Over the past decade, Sweden’s become a major player on the tech scene.
It’s the birthplace of billion-dollar companies like Spotify, Skype, and Klarna. It has a booming gaming industry, with companies EA DICE, King, and Mojang — the developer behind Minecraft — based in Stockholm. And for a small country, it produces a phenomenal number of startups.
As the industry grows, so does the (urgent) need for programmers. But homegrown talent doesn’t crop up overnight. It takes years to develop the practical experience required to work at the top tech companies. Yet many of the highly-skilled foreign programmers living here remain out of work.
The question is, why?
Swedish for Programmers (SFX-IT) tutor Pablo Win says it all comes down to the language (or lack thereof). After 30 years working in the Swedish IT industry, he knows what tech companies here look for when they hire.He believes not speaking Swedish won’t stop immigrants from initially getting work, but without it they may never get a permanent contract.
He believes not speaking Swedish won’t stop immigrants from initially getting work, but without it they may never get a permanent contract.
“There are companies that would take them if they can communicate in English. But many employers consider it a temporary solution, as they need competent employees who can also communicate with Swedish customers, partners, and employees.”
That’s the goal of SFX-IT — the Swedish course designed for immigrants with a background in programming and IT. It’s one of the nine language courses in the greater Stockholm area intended specifically for people with a background in a certain industry.
It’s based at the C3L Center for Lifelong Learning in Tyresö, just southeast of Stockholm, reachable in just 30 minutes from Stockholm’s Central Station. You can choose to study between 15 and 18 hours per week in the classroom, or take evening classes online through the web platform — a good option if you’re not living in the greater Stockholm area but need to brush up on your Swedish skills to continue your career.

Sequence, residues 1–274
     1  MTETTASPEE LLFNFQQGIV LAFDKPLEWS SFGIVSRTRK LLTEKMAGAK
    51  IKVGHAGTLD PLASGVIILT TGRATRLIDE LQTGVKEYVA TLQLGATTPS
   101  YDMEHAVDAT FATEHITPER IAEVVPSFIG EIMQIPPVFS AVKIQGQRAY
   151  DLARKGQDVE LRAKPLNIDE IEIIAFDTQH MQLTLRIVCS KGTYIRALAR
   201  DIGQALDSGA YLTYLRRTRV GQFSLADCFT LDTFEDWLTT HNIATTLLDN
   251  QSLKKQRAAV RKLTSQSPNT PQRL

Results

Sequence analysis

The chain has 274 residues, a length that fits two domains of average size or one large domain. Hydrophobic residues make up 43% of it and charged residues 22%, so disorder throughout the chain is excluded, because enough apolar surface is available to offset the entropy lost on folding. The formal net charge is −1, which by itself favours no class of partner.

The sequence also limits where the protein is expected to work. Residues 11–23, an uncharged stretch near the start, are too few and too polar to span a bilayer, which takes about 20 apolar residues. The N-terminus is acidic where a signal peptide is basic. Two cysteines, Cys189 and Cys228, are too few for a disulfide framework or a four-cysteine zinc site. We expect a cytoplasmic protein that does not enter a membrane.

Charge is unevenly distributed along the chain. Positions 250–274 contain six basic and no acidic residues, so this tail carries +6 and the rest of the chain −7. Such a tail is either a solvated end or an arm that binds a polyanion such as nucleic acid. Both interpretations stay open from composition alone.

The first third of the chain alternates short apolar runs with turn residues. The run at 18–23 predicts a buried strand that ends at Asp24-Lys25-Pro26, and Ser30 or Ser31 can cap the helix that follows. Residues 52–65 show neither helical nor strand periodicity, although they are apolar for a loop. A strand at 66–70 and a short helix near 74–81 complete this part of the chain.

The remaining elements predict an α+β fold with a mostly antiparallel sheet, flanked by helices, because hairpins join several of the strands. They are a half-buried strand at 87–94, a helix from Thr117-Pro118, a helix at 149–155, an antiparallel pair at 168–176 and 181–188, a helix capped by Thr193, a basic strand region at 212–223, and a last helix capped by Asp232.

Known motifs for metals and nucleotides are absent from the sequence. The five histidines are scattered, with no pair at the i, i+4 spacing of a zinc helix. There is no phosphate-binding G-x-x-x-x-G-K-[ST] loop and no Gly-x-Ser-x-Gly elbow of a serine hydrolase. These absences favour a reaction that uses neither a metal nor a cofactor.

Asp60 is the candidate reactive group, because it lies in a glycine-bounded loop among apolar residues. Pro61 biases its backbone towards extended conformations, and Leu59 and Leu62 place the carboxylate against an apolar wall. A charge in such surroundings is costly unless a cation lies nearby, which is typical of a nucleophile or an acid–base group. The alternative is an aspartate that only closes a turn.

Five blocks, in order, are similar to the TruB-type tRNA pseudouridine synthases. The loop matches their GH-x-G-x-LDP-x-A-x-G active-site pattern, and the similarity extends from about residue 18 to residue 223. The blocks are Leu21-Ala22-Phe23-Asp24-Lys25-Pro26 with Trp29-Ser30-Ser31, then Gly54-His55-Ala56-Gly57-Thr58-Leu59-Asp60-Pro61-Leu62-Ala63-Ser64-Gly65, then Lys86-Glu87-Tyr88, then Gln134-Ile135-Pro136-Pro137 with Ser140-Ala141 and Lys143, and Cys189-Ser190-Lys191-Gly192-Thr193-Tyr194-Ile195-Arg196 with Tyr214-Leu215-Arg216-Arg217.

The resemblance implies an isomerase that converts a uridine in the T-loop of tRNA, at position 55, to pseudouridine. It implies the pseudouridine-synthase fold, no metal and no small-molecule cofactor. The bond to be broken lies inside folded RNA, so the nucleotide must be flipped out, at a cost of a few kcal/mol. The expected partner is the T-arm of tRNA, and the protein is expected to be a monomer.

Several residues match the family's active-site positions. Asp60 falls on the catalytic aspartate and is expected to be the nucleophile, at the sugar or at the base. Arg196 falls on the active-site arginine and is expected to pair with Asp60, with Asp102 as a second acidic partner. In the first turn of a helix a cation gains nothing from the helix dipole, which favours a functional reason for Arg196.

The intensive course helps you learn Swedish starting at your current level — whatever it may be — all the way through to the advanced level you’ll need to thrive in the workplace. The vocabulary is tailored to people with an education in programming and IT, so you learn the language you’ll actually use on a day-to-day basis with colleagues and clients.
While you study you can also take optional classes in technical IT vocabulary and get certification in Java and C#, two of the most common programming languages used in Sweden. Pablo believes the combination of language learning and new practical skills will ensure you don’t fall behind the industry while you study.
“The majority of people in the IT industry who move to Sweden lack Swedish language skills,” he says. “It can take a few years to master the language, and in the meantime, you lose connection to IT development and the latest in the industry.”
But SFX-IT is much more than a language programme. You’ll also get a cultural education to give you confidence in the Swedish workplace, as well as support with your CV and interview practice. Pablo even helps them to get SFX-IT students’ LinkedIn profiles into shape so they can start connecting with industry contacts.
“I meet the students individually, look at their professional profile, and help them to get into the job market faster,” explains Pablo.
He also puts students in touch with his contacts in the Swedish tech industry, leading them to gain more experience and internships that can lead to permanent positions.
“I share my experience and my contacts with people who are new to Sweden. My main goal is to help them find the right job. I’m the link between SFX-IT students and the IT industry.”
The next SFX-IT course starts January 11th, 2018. Apply before December 1st to secure your place.